Scientists conducting a preclinical study at the Peter MacCallum Cancer Centre (the ‘Peter Mac’), in Melbourne, believe they’ve developed an experimental blood cancer therapy that may assist treatment of multiple myeloma in the future.
The research is published today in the journal Molecular Cell.
Multiple myeloma is a type of blood cancer that originates in plasma cells – immune cells in the bone marrow that normally produce protective antibodies.
These abnormal plasma cells multiply and spread rapidly through bone marrow, inhibiting the body’s capacity to make normal blood cells and productive antibodies, thus reducing an individual’s ability to fight infection.
“Multiple myeloma accounts for about 1% of all cancers in Australia,” says study senior author Professor Ricky Johnstone, Peter Mac’s executive director of cancer research. “While the survival rates have been increasing and there’s more therapies available now, it is still classified as an incurable disease. So that’s why we’re looking for new treatments for our patients.”
The disease usually occurs in people aged over 60 and it’s more common among men. The five-year survival rate for patients is just over 50%.
The Peter Mac researchers were exploring the effects of new drugs on myeloma-promoting enzymes.
“We came at it from a genetics perspective,” says Johnstone. “We were looking for genes that were important for the survival and proliferation of myeloma, and we identified two such genes that are very closely related. One’s called P300, and the other one is CBP.”
The exact role of P300 and CBP in cancer wasn’t completely understood, and until very recently no drugs had been developed to inhibit their activity.
“At the time [of our genetics research], a company called AbbVie pharmaceuticals in the USA had just made a small molecule that inhibited both of those enzymes,” says Johnstone. “So we contacted the company, and they gave us the compound. And then we did all of our studies with that compound and backed that up with genetic studies. So it really is a nice collaboration between academia and industry.”
Johnstone emphasises that the research is at preclinical stage, with work up until now limited to studies in mice and human cells in the laboratory.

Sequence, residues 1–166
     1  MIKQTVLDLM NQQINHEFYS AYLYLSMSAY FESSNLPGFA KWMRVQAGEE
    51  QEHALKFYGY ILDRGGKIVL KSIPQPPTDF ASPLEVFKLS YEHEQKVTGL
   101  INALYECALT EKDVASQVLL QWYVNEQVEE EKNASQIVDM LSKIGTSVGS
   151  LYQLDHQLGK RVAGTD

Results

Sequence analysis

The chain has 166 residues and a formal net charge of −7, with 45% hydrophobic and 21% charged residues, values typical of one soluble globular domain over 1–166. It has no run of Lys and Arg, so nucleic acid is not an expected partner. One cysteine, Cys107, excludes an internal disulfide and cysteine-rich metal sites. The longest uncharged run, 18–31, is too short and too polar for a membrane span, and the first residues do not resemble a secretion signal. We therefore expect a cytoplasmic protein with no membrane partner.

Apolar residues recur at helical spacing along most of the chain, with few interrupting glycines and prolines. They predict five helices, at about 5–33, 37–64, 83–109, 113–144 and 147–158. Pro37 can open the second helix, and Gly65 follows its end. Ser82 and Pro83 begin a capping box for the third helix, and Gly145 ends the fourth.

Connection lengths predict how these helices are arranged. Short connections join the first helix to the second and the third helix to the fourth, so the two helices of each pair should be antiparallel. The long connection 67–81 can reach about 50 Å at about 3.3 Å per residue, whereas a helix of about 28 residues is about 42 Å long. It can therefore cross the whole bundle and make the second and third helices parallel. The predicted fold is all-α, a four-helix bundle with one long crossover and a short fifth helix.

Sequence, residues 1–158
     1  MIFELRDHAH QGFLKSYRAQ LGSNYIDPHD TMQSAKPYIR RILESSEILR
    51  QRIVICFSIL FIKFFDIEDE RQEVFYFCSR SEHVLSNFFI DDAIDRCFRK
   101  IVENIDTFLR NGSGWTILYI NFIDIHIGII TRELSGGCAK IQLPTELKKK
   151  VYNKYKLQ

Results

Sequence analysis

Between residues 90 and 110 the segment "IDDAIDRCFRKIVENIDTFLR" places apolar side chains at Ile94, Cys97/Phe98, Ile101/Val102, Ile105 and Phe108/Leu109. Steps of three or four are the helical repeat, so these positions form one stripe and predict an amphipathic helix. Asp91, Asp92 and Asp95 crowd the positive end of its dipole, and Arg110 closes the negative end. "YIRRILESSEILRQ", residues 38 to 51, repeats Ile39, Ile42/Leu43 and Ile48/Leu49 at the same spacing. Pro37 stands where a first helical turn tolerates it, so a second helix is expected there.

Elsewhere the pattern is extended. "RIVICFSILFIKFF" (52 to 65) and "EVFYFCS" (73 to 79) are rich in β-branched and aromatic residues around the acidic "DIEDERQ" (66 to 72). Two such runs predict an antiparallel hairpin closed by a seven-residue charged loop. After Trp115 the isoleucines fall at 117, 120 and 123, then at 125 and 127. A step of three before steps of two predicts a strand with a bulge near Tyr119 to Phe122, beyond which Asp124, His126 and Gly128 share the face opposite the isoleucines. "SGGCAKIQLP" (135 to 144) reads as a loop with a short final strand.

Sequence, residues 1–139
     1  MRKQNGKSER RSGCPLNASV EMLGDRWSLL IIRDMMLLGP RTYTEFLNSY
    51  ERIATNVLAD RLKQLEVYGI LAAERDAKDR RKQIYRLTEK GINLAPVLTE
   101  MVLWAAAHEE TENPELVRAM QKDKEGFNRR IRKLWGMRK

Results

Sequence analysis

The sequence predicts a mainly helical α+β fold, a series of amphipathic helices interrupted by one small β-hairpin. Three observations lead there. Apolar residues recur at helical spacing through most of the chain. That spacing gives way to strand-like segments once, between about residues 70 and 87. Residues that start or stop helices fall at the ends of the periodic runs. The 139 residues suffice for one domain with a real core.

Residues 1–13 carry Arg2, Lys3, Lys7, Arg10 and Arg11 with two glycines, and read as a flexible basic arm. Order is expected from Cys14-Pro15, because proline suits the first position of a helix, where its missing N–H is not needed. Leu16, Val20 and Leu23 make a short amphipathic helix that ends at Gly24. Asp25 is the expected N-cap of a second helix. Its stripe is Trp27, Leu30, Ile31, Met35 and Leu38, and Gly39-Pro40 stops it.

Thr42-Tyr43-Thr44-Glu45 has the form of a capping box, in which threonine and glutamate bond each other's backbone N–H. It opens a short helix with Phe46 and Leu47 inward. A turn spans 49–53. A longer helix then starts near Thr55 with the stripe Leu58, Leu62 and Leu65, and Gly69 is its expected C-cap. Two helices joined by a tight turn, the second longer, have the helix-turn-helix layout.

Study lead author Dr Simon Hogg says the main discovery was that multiple myeloma is highly sensitive to this new therapy, “more so than many other cancers”.
“These drugs can quickly turn off key cancer-causing genes, called transcription factors, that directly control the growth of multiple myeloma,” Hogg says.
Transcription is a very important process in cancer, Hogg explains, because cancer cells need to maintain high levels of transcription to support fast growth.
This experimental therapy works by specifically turning off many important cancer-causing genes, lowering rates of transcription in the cancerous plasma cells and leading to their death. The researchers learned that the therapy is also effective against certain types of prostate cancer, which are also reliant on the P300 and CBP enzymes.
Johnstone says that his team also looked at how the therapy worked in combination with other drugs, and that they’d identified another drug that enhanced its efficacy.
“It’s exciting to see these positive results in the lab and get a glimpse of the impact this new experimental therapy might have for patients with multiple myeloma,” he says.
The next step is to move to clinical trials, but rapid progress is unlikely.
“We don’t want to over-promise anything here,” says Johnstone. “The preclinical work was encouraging, and we know that AbbVie are keen to progress and see whether they could conduct some clinical trials, hopefully with us here at the Peter Mac. We hope that this will eventually benefit our patients.”
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Ian Connellan is editor-in-chief of the Royal Institution of Australia.
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